Wednesday, 30 March 2011


(Richard Aoyade, 2010)

The first act is excellent; whipping by in an ostentatiously-directed blur of title cards, freeze frames, montages and jump-cuts, it feels very much like a debutant filmmaker indulging himself, and it's done with such brio and enthusiasm it can't help but charm. The debts to the Nouvelle Vague (L' enfance Nue and The 400 Blows in particular) are pronounced, as is the influence of a certain brand of quirkily deadpan American indie cinema (most obviously and damagingly Wes Anderson's superb Rushmore). All of this is suited to a coming of age tale of a young man in South Wales falling in love with a strange girl, and Aoyade has a fine eye and establishes a terrifically pungent sense of place early on.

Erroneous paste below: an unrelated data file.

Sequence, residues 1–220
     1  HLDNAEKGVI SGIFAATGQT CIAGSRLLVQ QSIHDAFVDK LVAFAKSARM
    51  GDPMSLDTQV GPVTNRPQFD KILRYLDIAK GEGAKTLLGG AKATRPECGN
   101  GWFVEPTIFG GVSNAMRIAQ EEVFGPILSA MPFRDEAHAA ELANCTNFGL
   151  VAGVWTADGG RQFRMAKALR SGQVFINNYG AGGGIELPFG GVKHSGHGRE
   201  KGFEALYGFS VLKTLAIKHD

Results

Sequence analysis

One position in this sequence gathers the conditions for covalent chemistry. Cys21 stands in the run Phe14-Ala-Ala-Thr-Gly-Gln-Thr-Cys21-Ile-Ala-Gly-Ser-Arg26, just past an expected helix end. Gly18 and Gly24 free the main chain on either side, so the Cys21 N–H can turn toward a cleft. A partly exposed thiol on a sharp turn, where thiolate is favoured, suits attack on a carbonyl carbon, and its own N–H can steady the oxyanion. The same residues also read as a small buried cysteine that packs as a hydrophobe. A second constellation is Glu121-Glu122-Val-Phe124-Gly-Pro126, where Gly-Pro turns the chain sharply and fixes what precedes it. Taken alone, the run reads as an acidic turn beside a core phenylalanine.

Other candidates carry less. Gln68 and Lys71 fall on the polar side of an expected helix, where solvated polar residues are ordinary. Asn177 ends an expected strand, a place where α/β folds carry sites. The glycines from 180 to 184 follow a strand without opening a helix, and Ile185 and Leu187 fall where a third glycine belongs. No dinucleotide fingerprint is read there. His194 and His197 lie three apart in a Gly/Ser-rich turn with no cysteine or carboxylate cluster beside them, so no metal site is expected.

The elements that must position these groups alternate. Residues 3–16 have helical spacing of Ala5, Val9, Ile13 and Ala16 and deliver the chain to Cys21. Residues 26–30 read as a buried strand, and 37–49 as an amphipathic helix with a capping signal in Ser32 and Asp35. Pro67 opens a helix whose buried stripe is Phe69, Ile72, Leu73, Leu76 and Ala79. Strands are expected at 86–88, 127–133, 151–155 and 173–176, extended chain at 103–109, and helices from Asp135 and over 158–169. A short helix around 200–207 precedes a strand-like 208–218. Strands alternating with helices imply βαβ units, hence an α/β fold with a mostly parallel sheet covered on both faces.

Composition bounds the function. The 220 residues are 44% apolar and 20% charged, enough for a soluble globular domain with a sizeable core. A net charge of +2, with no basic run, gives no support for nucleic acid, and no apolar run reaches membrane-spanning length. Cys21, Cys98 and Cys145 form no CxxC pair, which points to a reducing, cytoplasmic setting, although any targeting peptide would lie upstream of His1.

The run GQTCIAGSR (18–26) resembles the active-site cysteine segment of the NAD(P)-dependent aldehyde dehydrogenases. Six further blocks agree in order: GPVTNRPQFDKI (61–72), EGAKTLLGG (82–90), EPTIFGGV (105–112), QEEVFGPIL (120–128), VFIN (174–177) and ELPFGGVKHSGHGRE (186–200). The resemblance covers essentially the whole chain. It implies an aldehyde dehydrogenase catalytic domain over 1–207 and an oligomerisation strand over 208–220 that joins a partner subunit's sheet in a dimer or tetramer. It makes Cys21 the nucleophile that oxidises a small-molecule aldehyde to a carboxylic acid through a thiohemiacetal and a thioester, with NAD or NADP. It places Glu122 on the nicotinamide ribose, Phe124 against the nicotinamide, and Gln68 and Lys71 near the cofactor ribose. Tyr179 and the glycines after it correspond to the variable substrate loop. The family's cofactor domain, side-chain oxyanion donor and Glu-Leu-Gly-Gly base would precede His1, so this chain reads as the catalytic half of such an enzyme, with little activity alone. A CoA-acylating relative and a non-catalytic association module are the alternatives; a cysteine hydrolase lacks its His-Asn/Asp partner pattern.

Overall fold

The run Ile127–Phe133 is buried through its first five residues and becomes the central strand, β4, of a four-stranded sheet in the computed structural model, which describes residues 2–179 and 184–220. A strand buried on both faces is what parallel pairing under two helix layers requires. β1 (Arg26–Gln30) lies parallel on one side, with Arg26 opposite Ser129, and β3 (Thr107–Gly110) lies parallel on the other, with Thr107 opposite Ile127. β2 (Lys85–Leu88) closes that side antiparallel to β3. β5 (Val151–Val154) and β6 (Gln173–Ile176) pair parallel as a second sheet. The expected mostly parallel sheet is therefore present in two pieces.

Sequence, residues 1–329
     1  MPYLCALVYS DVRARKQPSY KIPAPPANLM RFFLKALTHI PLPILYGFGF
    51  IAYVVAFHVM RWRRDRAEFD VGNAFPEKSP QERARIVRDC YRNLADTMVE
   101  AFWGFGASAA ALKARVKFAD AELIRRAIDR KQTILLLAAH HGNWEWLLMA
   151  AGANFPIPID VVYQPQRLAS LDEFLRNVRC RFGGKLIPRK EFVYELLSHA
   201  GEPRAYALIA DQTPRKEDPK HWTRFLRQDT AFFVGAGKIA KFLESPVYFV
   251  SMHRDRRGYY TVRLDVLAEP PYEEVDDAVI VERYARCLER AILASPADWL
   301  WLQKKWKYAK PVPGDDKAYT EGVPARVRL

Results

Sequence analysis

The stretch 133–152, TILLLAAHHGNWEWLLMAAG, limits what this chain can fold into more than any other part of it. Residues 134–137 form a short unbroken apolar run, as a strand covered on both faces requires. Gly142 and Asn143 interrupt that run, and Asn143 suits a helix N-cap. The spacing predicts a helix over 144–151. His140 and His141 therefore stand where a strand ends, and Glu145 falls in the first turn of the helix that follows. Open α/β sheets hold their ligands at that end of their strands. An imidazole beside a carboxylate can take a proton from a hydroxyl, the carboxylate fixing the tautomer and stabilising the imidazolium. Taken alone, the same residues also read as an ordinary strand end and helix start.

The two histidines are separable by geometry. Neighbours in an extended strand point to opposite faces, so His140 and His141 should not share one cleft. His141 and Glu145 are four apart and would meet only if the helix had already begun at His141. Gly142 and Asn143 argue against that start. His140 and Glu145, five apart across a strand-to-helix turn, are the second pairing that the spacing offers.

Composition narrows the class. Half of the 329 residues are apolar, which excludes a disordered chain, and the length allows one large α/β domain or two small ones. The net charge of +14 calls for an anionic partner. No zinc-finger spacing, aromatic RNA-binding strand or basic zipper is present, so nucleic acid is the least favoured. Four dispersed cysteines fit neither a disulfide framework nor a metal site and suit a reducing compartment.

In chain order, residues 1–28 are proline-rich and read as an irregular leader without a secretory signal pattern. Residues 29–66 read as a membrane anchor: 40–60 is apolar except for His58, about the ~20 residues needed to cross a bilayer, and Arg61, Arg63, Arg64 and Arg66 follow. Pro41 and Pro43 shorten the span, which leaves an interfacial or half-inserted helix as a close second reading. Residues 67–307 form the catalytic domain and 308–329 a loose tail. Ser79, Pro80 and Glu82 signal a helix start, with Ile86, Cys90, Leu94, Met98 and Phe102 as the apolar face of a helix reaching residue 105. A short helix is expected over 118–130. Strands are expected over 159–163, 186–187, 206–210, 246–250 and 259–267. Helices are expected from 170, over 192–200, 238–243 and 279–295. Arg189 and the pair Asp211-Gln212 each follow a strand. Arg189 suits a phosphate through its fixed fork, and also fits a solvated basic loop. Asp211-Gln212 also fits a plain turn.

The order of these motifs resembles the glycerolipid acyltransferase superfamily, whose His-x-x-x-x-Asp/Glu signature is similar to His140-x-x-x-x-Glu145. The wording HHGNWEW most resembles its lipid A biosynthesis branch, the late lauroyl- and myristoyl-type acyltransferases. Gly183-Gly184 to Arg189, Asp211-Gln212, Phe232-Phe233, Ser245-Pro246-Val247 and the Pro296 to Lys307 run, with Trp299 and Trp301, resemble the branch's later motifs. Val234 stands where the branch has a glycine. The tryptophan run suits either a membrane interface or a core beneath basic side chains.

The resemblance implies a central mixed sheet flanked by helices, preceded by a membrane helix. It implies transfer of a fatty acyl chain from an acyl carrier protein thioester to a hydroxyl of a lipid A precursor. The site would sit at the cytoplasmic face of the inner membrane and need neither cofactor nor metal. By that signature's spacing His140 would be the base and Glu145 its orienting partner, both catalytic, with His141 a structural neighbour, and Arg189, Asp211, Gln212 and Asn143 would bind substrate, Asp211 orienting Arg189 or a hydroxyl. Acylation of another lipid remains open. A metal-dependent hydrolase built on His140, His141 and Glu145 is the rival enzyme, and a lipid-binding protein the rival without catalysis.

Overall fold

But then the plot kicks in, involving parental marital difficulties and the New Age Guru who moves in next door, and despite fine comic turns from Noah Taylor and Paddy Considine, sporting an immortal combination of mullet and Mohawk, it all runs somewhat out of steam as that early energy dissipates. The Alex Turner songs on the soundtrack, while splendid in their own right, are a little too on the nose and trite in the context of the film, but the biggest problem here is that it's the kind of comedy which makes you smile but rarely laugh. Still, Aoyade conjures up some moments of genuine visual poetry, and is clearly a young filmmaker worth keeping an eye on.

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